Now this stance is not without risks. My teaching contracts can be abolished by the Head of Department with the stroke of a pen. I could be out of job at the end of term for protesting about pay and conditions. And there is nothing anyone can do about it. I have NO employment protection, I will get no payout for years of service. Nothing. The University can rule their contract instructors by fear of job loss. There is no real protection, even though I am a union member. But someone has to stand up and say “This is not right.” So it might as well be me.

So you might be thinking “This is just some hack teacher, who doesn’t care at all about his students, just wants more money.” Well, actually no. I am an award winning teacher, with awards from 2012 and 2014 from the Faculty of Science. My student teaching evaluations are excellent, well above the normal for the department and the Faculty of Science. These scores are normally “confidential,” but I’m proud of my commitment to my students and I’m going to share the assessment from that class with you:

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I score 4.65 out of a possible perfect 5.0. Not bad, eh? I do acknowledge that student evaluation is at best imperfect, and at worst could degenerate into a popularity contest, but this is the only teaching assessment done for contract instructors at my University. If you want some more comments about me, you can always look on Rate My Professors. Once again, this student rating site has many disadvantages and one student with an axe to grind can make a tremendous difference to the score, but I have a consistently good rating.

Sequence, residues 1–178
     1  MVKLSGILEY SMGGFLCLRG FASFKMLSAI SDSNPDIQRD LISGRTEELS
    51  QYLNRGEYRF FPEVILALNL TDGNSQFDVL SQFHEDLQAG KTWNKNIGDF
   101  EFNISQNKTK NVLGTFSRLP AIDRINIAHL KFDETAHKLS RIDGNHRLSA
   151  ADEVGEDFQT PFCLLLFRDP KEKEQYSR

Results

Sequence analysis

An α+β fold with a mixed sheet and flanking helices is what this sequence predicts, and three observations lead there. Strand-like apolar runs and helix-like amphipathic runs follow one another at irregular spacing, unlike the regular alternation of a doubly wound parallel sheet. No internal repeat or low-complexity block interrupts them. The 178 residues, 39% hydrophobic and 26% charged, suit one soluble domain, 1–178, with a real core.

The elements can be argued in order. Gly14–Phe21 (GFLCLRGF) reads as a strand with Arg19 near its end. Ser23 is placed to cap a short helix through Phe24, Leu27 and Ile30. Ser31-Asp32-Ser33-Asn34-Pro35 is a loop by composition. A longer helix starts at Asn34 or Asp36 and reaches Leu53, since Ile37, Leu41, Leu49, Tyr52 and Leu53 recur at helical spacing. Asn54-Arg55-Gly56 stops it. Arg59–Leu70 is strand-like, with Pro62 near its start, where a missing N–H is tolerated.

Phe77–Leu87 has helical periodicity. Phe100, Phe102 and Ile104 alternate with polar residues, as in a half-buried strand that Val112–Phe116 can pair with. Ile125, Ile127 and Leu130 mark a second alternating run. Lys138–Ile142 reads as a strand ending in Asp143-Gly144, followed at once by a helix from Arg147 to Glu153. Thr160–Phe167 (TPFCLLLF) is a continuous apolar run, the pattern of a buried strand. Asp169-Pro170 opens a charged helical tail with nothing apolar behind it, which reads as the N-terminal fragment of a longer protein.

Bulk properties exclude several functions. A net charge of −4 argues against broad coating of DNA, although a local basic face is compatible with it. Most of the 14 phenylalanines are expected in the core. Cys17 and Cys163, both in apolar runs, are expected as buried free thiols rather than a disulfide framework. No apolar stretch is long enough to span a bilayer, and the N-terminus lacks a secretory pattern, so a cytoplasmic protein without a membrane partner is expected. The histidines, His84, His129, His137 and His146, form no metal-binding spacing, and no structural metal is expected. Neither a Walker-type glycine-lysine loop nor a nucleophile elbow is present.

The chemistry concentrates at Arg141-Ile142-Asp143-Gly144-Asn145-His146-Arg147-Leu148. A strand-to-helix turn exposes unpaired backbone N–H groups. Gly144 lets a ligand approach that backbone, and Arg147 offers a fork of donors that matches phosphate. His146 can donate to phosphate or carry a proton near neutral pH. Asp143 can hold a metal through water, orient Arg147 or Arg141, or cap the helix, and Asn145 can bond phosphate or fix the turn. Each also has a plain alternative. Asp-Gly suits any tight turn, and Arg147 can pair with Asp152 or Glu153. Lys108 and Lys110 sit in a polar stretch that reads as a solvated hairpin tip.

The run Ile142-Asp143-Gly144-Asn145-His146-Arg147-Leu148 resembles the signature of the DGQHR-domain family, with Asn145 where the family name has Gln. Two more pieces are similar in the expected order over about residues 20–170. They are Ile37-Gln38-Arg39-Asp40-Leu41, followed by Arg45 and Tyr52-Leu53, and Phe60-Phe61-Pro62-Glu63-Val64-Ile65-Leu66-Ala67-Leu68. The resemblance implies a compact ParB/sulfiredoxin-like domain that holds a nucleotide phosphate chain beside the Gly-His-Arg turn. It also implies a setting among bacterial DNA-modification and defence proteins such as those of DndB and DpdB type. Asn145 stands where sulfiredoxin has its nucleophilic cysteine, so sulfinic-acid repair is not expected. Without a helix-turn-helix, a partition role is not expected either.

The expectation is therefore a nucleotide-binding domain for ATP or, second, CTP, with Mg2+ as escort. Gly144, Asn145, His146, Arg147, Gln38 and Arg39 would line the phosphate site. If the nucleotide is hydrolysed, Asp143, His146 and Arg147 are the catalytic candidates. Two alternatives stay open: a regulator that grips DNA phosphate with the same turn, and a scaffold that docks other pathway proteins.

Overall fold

And you can also look at when I worked at the University of Saskatchewan (when I was younger and still rated chilli peppers on the hotness rating!).

So I believe that over a decade or so of teaching, I have demonstrated my ability to teach, and how I try to look after my students. It really is a very painful decision to have to deny some of them a chance to work on their Physics education, but unless I make a stand somewhere, then I will be trapped in this pit of poverty forever, completely taken for granted by my employer.

I have tried to have my job turned into a permanent one. The University has turned me down, and told me that giving me a permanent job is against “the strategic direction of the University, Faculty of Science and the Department.” The permanent faculty in the department will not support me because I am a teacher now, not an active scientific researcher. It is sad that they tolerate me teaching very large classes, so they don’t have to, as long as it only costs $34,000 per year. That’s what I’m worth to them, no more. So, enough is enough.

Let’s see if anything happens!

This originally appeared in Medium. It is used here with permission. 

Short URL: http://www.adjunctnation.com/?p=6583